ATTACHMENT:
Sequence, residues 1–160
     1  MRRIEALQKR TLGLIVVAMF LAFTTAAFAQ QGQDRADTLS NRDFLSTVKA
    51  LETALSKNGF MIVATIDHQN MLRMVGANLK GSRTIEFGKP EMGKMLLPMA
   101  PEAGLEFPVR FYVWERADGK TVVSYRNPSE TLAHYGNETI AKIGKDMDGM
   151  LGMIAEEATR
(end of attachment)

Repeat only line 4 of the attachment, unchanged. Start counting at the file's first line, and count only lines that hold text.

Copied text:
   101  PEAGLEFPVR FYVWERADGK TVVSYRNPSE TLAHYGNETI AKIGKDMDGM